Alabama farmers and gardeners have planted or are currently planting their fall vegetable crops. One crop that Joe Kemble, Alabama Extension vegetable specialist, says producers need to avoid are fall potatoes. They simply don’t do well in any part of the state, due to the high soil temperatures.
“Fall potatoes in Alabama do not do well at all. The reason is potatoes are really sensitive to temperatures again,” Kemble said. “They get a condition called heat necrosis where the vascular tissue in the tubers will get an off color. They’ll actually almost look like they’ve been cooked inside. Usually the stands are pretty bad. You will get some production. But they are cool season plants, they do not like hot weather.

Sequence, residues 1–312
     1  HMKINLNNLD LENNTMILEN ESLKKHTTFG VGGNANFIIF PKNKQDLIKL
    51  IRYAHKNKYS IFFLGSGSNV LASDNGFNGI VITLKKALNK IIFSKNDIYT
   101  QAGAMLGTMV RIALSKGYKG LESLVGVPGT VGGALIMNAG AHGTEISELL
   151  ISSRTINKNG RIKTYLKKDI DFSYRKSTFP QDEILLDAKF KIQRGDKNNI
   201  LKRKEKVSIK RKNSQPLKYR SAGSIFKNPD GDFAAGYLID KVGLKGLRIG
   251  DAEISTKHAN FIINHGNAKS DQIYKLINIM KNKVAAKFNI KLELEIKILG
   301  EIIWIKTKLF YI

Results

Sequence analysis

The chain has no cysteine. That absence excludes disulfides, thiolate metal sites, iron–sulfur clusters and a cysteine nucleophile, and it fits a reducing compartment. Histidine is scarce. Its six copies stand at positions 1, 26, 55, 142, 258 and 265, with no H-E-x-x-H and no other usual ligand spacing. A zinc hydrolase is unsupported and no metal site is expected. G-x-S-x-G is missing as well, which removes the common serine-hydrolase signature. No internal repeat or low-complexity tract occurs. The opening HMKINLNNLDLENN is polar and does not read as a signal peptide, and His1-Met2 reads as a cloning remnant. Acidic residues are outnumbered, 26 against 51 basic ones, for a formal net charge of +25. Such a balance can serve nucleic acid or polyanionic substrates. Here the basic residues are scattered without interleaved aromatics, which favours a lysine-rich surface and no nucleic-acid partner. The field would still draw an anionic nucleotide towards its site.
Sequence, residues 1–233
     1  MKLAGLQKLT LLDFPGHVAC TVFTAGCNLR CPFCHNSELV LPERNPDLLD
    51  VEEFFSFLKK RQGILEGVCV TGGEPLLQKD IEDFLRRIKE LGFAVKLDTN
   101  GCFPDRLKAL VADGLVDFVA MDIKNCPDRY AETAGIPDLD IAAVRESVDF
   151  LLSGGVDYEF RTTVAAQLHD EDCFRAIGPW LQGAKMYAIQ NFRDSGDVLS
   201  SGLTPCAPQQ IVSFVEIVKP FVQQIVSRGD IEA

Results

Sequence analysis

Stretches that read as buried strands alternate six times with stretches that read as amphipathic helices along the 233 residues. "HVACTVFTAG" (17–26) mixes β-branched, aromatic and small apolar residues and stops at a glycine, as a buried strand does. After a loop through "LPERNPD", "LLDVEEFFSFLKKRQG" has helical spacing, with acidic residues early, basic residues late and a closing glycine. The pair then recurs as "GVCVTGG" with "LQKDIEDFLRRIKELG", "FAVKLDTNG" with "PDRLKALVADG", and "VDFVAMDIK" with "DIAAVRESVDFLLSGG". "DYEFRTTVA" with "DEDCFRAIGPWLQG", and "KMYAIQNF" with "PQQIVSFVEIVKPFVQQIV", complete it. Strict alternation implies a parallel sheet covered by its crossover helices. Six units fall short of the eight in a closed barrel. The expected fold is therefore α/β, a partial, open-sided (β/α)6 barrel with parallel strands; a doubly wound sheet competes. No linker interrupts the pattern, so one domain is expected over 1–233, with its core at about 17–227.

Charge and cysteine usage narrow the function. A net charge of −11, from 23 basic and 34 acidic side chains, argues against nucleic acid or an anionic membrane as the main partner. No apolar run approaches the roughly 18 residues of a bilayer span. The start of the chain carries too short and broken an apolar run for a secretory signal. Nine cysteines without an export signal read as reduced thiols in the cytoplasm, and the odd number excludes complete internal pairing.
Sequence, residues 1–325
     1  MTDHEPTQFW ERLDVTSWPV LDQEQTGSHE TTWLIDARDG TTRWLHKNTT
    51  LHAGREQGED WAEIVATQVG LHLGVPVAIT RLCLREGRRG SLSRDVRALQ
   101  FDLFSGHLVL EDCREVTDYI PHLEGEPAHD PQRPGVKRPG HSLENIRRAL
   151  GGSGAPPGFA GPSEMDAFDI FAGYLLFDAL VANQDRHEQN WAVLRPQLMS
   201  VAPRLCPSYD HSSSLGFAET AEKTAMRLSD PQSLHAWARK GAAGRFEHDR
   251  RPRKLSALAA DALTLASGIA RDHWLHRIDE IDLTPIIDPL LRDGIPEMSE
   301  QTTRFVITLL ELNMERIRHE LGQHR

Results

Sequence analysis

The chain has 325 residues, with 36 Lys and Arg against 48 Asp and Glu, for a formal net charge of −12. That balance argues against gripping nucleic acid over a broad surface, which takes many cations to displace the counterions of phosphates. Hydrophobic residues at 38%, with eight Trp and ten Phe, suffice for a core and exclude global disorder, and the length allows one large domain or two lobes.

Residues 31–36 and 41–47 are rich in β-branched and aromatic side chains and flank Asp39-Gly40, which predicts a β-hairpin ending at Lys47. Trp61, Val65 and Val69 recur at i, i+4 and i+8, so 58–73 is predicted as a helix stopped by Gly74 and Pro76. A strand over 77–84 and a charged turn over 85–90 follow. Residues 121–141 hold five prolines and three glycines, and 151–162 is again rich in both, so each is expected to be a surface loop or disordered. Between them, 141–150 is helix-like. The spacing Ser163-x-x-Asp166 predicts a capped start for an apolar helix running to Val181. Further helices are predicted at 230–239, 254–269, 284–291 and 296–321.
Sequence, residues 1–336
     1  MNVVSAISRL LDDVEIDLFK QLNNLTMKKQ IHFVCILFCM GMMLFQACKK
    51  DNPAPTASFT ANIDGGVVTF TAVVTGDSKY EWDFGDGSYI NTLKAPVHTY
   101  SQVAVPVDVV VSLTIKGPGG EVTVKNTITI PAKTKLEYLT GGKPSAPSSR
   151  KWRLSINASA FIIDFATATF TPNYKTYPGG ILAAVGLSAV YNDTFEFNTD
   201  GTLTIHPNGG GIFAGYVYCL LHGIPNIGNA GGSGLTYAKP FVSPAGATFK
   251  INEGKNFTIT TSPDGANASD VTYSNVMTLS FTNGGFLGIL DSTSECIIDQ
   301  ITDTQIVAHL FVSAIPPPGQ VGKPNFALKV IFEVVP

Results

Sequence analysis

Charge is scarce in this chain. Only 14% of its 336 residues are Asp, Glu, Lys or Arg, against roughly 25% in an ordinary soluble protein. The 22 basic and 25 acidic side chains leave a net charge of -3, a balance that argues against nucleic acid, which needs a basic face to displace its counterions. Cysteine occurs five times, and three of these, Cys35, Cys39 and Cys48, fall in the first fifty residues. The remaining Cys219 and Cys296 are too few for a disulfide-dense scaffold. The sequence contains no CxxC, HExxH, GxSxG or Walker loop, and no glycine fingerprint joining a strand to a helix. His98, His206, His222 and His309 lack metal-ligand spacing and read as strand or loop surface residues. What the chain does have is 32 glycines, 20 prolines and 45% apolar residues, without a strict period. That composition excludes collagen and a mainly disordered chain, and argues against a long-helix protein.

“We only grow varieties that mature by early seasons. They all tend to be early season varieties like Atlantic or Potomac or any of the red potatoes or Yukon Golds. They all tend to be early maturing varieties. Varieties like the Fingerling varieties, those tend to be mid-season to late-season varieties; those tend to be a little bit hit and miss because they may take too long to mature and then you end up with all kinds of weird problems on the tubers because the soil temperatures got too warm. Fall potatoes don’t work well in Alabama.”
Kemble said producers grow a lot of Irish potatoes in Alabama. But normally in the southern part of the state, the growers will sew them around Christmas time. Farmers in northern Alabama will plant them a little bit later. A little light frost does not hurt.